City of Penticton parks portion of parking strategy

The City of Penticton is easing off on its plans to introduce pay parking in major parks and recreational areas.

The City of Penticton is putting the brakes on a portion of the overall parking strategy.

The City of Penticton is putting the brakes on a portion of the overall parking strategy.

The City of Penticton is easing off on its plans to introduce pay parking in major parks and recreational areas, but they are not giving up on the overall plan.

The new plan removes Skaha Lake Park from the work plan and limits pay parking to the commercial area of Lakeshore Drive, west of the Power Street intersection, up to and including the SS Sicamous and the parking lot in front of Loco Landing parking lot. Skaha Lake and the remaining portion of Lakeshore Drive will remain as options for expanding the pay parking program at a later stage.

To date, there has been little formal consultation with the public about the pay parking strategy, including the businesses in the area covered by the new plan.

“We certainly talked to a lot of the business owners along lakeshore. But we haven’t done any real, formal consultation with them,” said Blake Laven, city planning manager.

Diana Stirling, owner of the LocoLanding Adventure Park, said she was only informed on Sept. 3 that the lot in front of her business, which also serves the Rose Garden and the SS Sicamous, would be converted to pay parking in mid-September.

“I was disappointed in the fact that we had not been consulted about this. I wish that we would have had more knowledge,” said Stirling, who consulted with other stakeholders including the Sicamous and Salty’s Beach House. “None of us knew that it was going before council. We haven’t been able to form an opinion, because we don’t know how this is going to roll out.”

Stirling said it is hard to say how pay parking will affect her business, which employs about 70 people over the summer season. She wishes the situation could be different, but understands the economic realities facing the city driving the pay parking strategy.

“As a business that is working so hard to bring locals and tourists to that part of town, we just would have liked inclusion. I just feel like we are a little bit behind,” she said.

A tourist on their way to the beach, LocoLanding, or the Sicamous isn’t likely to change their mind based on having to pay parking. It’s the return visit, said Stirling, that might change.

“One of the unique things about Penticton is that we are so accessible. Time almost stands still for us, when you are a tourist. The thought of people having to think about the time on the meter or getting a ticket, or staying longer because they are having so much fun and getting a ticket, completely changes the experience,” said Stirling. “There is a chance that we have taken away that experience they are currently having. We don’t know what that change then means.”

Many other tourist destinations have pay parking, Stirling concedes, but that shouldn’t be justification for the City of Penticton adopting the strategy.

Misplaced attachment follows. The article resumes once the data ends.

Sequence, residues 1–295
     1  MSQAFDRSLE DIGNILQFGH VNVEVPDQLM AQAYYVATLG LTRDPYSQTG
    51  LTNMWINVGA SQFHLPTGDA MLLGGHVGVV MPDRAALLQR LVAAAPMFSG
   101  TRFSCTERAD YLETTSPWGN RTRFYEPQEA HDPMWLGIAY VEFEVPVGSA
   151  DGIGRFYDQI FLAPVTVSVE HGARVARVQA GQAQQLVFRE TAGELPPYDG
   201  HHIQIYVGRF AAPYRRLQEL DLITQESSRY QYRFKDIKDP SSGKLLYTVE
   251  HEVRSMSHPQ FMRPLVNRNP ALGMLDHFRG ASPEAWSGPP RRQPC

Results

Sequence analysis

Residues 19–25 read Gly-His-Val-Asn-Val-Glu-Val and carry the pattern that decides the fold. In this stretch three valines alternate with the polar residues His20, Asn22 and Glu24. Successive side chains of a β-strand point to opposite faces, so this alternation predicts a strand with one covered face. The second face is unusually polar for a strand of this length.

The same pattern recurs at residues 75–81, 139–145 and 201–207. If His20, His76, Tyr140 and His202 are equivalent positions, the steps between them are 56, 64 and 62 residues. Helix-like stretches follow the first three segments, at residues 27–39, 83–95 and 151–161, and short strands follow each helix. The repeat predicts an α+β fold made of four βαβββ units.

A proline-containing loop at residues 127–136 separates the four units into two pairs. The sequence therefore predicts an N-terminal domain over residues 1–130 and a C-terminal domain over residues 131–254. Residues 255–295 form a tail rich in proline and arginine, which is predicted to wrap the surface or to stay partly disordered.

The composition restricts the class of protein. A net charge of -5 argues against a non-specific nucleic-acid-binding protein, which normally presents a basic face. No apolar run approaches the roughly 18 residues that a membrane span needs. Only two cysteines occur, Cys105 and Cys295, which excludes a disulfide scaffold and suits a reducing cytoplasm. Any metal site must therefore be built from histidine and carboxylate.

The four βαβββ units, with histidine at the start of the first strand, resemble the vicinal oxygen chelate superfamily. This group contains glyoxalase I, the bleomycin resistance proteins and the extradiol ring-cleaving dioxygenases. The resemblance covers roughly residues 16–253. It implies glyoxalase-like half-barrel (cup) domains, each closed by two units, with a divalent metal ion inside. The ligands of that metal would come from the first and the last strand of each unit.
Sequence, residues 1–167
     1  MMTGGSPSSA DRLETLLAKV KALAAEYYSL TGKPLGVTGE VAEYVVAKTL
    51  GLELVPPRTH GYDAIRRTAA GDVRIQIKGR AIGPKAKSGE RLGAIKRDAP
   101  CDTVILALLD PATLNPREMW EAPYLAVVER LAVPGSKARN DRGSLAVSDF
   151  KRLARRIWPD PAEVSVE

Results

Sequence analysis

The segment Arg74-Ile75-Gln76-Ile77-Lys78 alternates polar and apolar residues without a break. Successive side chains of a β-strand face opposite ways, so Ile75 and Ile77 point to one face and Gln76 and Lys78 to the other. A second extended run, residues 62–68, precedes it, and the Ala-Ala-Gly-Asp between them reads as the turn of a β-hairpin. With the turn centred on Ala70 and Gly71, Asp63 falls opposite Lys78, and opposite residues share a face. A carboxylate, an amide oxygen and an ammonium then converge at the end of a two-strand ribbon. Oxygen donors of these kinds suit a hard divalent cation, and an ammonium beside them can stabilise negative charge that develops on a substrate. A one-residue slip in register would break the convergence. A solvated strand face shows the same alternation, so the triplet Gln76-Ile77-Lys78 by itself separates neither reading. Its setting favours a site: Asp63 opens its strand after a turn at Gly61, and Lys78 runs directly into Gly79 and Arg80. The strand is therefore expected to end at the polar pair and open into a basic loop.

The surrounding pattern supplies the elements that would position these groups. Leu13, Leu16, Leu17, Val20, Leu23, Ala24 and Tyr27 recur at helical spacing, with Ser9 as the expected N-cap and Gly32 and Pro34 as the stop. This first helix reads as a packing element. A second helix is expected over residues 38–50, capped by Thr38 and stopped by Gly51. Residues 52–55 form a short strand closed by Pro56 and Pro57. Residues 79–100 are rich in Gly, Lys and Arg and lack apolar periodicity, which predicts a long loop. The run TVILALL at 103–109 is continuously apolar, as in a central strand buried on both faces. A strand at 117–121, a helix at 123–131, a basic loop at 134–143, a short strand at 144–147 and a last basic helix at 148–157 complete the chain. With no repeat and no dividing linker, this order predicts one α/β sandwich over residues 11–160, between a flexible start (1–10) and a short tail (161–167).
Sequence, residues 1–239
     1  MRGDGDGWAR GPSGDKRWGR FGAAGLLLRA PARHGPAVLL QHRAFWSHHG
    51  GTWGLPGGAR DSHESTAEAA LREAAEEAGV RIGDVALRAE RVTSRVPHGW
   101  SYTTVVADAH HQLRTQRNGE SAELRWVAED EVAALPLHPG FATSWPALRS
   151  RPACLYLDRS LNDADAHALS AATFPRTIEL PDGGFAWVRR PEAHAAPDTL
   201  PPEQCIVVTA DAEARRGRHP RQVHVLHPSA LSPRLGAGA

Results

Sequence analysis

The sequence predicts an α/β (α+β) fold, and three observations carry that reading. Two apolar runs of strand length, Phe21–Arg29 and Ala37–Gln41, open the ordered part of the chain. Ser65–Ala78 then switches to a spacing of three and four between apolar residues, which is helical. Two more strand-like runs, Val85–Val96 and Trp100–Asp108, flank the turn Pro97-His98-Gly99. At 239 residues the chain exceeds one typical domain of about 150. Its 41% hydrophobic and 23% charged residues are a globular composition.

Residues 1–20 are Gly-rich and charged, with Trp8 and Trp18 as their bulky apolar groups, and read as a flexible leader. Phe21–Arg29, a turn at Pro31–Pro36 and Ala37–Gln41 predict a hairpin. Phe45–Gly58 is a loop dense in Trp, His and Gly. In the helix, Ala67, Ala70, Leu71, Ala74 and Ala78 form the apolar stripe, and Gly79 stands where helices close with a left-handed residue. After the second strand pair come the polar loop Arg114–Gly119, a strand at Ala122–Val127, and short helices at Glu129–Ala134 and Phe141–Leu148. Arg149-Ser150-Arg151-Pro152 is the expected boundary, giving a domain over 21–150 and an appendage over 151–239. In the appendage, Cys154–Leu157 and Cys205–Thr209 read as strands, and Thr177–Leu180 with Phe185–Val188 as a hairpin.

“I don’t believe that just because somebody else in some other cities are doing it, it is OK for us to do it,” said Stirling. “I always feel like we should be different, we should be unique. This is maybe one of those things. What we have is amazing right now, along the lakefront, the fact that people can park in our lot and we are not continually asking them for money.”

The parking strategy was first introduced in 2012, with the 2016-17 work plan endorsed by city council last January. Pay parking  would have extended the length of Lakeshore Drive and parking lots made in Skaha Lake Park. Staff estimate the full implementation of the parking strategy could generate almost $500,000 per year.  City staff justify the change as allowing them to better estimate the impact of pay parking and the possible revenue. Implementing pay parking in Lakawanna Park has already generated $5,000 since June.

Laven admits they aren’t sure how accurate their estimates, based on projected usage and comparisons with other metered areas, are.

“We really have to build the business and see in real life what those numbers are going to be,” said Laven. “We know they are going to be large numbers, there is a lot of revenue there.”

Mayor Andrew Jakubeit characterizes the amended strategy as a compromise, taking into account the opposition they have heard from the community.

“I think there will be some growing pains, but it is a fair compromise. Parking has always been a controversial issue, but is also a significant generator of revenue,” said Jakubeit, adding the city needs to generate more money to pay for upgrades and repairs to the city’s aging facilities and infrastructure. “We are looking at every opportunity, especially when it is more user pay and it is not on the backs of everyone.”

Jakubeit said as the 2017 budget discussion develops this fall, no stone will be left unturned when it comes to ideas to generate revenue.

“We want to go out to the community, informing them of the reality of our situation and throwing out different revenue opportunities and get their feedback on whether this makes sense to explore, or are things off limits, or is there a middle ground on some of those things,” said Jakubeit. “Parking is one example, and over the next few months we will unveil some other things and get more clarity on why they should exist.”

As part of the amended parking strategy, council also approved the expansion of residents-only parking in neighbourhoods near the beach, the hospital, and put hiring a new bylaw enforcement officer to deal with parking on the agenda for the upcoming budget talks in November.